The High Court in Nairobi on Friday ruled that Rastafarianism is a religion in Kenya and its members should not be discriminated against.
In a case in which a school in Nairobi had sent home a Form One student who was admitted with dreadlocks, Justice Chacha Mwita ruled that the institution violated her constitutional rights.
The court ruled that Olympic High School violated the Rastafarian student’s rights to education and freedom of religion, and directed the institution to reinstate her immediately.
“The rule that she cuts her hair is intrusive to her religion and not justifiable in a democratic country,” Justice Mwita said.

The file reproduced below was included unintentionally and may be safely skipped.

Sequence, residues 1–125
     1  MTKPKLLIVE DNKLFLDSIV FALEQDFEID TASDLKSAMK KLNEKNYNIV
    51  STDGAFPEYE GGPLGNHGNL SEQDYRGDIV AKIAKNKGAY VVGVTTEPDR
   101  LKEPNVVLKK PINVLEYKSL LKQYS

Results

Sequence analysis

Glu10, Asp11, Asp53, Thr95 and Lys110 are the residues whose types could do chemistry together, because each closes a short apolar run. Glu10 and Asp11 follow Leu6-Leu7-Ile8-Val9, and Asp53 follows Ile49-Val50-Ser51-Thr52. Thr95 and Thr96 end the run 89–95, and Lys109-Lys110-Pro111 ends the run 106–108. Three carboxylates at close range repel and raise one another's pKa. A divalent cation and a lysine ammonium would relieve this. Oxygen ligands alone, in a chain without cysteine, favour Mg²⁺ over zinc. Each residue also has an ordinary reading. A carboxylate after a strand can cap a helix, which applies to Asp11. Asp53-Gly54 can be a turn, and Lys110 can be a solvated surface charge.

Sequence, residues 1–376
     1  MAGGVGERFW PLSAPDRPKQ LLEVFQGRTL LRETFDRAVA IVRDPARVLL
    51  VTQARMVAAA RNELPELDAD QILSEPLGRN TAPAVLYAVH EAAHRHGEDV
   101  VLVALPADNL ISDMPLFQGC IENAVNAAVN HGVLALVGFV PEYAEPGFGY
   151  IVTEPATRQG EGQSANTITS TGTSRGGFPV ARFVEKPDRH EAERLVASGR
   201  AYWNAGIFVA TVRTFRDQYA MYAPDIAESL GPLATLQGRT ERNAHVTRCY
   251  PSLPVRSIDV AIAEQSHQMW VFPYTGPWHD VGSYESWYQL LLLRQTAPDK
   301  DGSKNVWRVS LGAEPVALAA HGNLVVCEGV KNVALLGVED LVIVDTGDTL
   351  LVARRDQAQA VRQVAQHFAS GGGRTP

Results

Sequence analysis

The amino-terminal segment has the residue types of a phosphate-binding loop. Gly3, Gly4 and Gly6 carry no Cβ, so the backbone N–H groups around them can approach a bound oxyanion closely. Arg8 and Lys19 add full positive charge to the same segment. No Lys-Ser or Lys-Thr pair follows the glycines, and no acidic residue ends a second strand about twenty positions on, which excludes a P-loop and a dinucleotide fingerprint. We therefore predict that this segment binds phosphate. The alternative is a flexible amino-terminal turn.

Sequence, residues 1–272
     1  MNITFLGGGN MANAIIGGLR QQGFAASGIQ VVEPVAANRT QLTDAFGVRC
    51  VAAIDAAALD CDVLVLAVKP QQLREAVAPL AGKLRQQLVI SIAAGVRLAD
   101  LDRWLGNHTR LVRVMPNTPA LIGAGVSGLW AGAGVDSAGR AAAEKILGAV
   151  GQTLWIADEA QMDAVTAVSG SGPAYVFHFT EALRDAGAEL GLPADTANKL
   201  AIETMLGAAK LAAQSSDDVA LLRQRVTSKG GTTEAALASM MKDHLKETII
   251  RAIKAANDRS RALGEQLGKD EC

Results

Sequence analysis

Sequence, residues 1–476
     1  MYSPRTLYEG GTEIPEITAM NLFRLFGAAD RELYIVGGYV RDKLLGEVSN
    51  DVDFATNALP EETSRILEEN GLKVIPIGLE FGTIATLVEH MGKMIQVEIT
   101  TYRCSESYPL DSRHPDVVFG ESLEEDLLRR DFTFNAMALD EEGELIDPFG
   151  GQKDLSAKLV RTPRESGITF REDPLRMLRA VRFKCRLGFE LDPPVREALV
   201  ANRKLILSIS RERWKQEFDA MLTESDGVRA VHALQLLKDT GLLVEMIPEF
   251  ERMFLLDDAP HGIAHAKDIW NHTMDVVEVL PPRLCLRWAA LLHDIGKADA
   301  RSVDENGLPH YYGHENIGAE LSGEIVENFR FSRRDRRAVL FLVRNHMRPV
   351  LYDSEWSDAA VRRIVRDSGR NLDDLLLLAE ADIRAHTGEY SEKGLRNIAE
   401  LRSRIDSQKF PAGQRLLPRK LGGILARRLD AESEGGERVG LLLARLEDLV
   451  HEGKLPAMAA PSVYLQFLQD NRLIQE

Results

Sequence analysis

“The fact that she keeps rastas should not have been the basis to chase her from school.”
The student’s father sued the school’s Board of Governors in January this year for sending home her daughter to shave her dreadlocks when she reported.
The man said his family members are Rastafarians and they are forbidden by the Bible from cutting their hair.
Justice Mwita ruled that the right to education and freedom of religion supersedes an institution’s rules and regulations.
“School rules stand in her way to religion and education…the school rules have been applied in a manner to deny her to receive her education violates the article to the right to her religion,” he said.
Article 30 (1) of the Constitution states that every Kenyan has the right to freedom of conscience, religion, thought, belief and opinion.